• 23. Student Services: Meeting the Needs of Our Students

Mr Speaker, Efforts are made to ensure that the professional development activities allow school staff to go deeper and deeper with the workshops’ content during the year. For example, workshops on Standards-Based Grading take place during all workshop days to enable teachers and leaders to do deeper and deeper with the learning of content and skills.

Mr Speaker, Staff have opportunities to select workshops; however, Mr Speaker, some of the workshops provided are also mandatory for staff. This occurs when there are system-wide practices that teachers and leaders are expected to carry out at the school level. Even when the sessions are mandatory, there is still some opportunity to personalize professional development. For example, Mr Speaker, all teachers in the Bermuda Public School system must participate in workshops on Schoology; however, staff can access the workshop in both self-paced or virtual workshops.

Also, Mr Speaker, Since May 2020, EAP has played a key role in providing workshops for BPSS Staff during system-wide professional development days and at other times. To date, EAP has facilitated over 26 sessions with staff, focusing on equipping them with tools and strategies to navigate the demands of their roles. Mr Speaker, we have included these workshops from EAP because our staff’s social-emotional well-being is critical.

Mr Speaker, In addition to these offerings, professional development activities connected specifically to staff and students’ needs are determined and coordinated by the senior school principals, the Principal at DAME, and the Acting Director of Success Academy during designated professional development days.

Mr Speaker, I want to take a moment to highlight that the entire staff at DAME, who, under the guidance of the Principal, are working to earn Registered Behaviour Technician [RBT] certification and some members of the staff have already successfully completed the training.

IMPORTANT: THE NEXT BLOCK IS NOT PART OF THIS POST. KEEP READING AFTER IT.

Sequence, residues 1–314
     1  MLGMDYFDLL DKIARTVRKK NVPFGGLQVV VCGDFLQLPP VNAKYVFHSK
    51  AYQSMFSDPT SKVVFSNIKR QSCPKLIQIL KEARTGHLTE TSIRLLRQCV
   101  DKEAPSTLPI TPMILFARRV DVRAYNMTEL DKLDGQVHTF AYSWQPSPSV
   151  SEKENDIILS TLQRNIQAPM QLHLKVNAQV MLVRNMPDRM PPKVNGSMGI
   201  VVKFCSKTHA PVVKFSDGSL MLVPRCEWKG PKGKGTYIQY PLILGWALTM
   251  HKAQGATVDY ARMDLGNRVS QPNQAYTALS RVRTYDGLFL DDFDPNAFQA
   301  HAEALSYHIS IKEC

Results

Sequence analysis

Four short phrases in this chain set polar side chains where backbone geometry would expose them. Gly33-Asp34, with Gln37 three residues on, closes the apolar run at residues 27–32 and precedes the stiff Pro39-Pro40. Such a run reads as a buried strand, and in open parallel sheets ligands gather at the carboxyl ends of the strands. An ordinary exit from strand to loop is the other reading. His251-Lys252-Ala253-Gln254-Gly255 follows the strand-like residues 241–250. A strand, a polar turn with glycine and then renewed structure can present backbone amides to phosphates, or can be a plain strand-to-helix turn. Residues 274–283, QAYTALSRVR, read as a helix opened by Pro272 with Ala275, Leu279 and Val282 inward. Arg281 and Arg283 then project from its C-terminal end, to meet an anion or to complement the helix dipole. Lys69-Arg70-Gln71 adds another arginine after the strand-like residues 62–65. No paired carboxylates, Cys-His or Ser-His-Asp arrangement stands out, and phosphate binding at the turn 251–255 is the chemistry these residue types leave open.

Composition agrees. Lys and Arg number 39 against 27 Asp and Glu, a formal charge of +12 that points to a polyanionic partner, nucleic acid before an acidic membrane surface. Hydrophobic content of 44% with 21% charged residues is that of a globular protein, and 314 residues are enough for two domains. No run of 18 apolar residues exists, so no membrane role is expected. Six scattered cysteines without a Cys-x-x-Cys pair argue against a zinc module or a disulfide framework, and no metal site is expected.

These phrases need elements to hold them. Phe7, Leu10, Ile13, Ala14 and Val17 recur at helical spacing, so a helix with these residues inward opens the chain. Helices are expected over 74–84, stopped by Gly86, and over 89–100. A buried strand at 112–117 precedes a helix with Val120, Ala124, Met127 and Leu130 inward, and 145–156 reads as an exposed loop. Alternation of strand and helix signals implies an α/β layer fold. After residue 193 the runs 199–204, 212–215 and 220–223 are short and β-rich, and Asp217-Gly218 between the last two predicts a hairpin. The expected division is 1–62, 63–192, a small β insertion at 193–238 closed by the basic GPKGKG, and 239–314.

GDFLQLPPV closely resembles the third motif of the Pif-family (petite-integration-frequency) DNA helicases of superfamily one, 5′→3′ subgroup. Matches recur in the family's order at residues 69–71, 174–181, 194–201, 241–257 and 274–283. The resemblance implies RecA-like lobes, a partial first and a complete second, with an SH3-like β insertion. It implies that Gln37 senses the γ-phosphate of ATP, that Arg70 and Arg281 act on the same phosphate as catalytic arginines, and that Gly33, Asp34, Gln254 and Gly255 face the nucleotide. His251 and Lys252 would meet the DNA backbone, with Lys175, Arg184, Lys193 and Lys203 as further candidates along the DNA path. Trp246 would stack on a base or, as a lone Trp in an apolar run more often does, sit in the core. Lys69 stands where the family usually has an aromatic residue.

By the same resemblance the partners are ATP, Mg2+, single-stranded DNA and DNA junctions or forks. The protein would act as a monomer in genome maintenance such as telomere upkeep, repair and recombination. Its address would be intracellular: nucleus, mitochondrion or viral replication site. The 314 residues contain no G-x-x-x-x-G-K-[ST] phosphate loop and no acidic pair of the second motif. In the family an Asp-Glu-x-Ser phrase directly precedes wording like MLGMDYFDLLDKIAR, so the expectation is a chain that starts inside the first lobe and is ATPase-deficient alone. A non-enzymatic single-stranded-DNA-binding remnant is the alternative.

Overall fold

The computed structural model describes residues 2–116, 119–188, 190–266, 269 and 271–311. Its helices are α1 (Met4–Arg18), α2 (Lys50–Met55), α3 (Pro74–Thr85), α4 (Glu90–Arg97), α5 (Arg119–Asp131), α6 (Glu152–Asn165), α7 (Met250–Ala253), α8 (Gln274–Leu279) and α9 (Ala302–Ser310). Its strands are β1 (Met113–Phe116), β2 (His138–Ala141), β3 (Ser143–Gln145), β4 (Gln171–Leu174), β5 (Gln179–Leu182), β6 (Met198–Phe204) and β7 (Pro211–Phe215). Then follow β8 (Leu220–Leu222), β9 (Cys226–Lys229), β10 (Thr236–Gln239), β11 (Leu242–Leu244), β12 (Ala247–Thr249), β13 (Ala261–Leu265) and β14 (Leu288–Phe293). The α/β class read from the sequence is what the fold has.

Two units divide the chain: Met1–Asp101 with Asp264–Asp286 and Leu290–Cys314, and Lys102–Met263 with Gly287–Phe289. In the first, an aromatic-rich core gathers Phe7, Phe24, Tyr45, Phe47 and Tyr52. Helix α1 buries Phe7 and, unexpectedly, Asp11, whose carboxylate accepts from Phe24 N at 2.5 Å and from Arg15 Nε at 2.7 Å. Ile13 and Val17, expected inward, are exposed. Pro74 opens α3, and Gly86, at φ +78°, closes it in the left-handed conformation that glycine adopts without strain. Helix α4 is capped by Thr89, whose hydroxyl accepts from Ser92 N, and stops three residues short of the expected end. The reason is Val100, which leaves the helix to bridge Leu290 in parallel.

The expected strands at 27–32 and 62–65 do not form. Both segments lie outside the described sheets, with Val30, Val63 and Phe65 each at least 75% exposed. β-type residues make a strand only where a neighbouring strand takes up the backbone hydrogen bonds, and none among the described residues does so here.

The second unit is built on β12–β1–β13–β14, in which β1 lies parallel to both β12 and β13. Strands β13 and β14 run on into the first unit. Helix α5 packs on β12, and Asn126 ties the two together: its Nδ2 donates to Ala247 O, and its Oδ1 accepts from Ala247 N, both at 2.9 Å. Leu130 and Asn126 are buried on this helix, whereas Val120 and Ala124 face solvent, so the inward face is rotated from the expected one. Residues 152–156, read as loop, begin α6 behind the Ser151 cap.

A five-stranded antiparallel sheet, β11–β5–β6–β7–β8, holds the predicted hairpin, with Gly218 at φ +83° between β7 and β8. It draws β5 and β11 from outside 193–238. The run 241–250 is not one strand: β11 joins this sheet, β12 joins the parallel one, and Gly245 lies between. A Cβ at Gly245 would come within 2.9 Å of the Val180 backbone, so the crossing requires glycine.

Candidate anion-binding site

Mr Speaker, The Assistant Director of Early Childhood Education leads and coordinates the professional development activities for Preschool Administrators and staff. Preschool leaders and teachers have been receiving intensive professional development designed to ensure integration of the inquiry [enquiry] model of teaching and learning with the Creative Curriculum. There has also been significant investment in professional development in the use of Teaching Strategies Gold, the online platform for planning, documentation, assessment and communication internally and with parents/guardians.

Mr Speaker, I would also highlight that Bermuda Public School Preschools have earned Teaching Strategies Gold’s Ambassador status recognition because of their commitment to improving children’s outcomes through professional development.

Mr Speaker, We have communicated our commitment to a foundation year. As we prepare for this, starting this year, early years training for Primary 1 Teachers has been provided twice a month to equip teachers with evidence-based strategies to increase student engagement and facilitate active learning. Teachers also learned how to engage in authentic assessment by using students’ observations in more creative exploration during inquiry learning. Teachers have been exposed to a more progressive, engaging and personalized approach to teaching and learning, which has opened the teachers to the possibilities of what can be achieved through active learning and inquiry learning.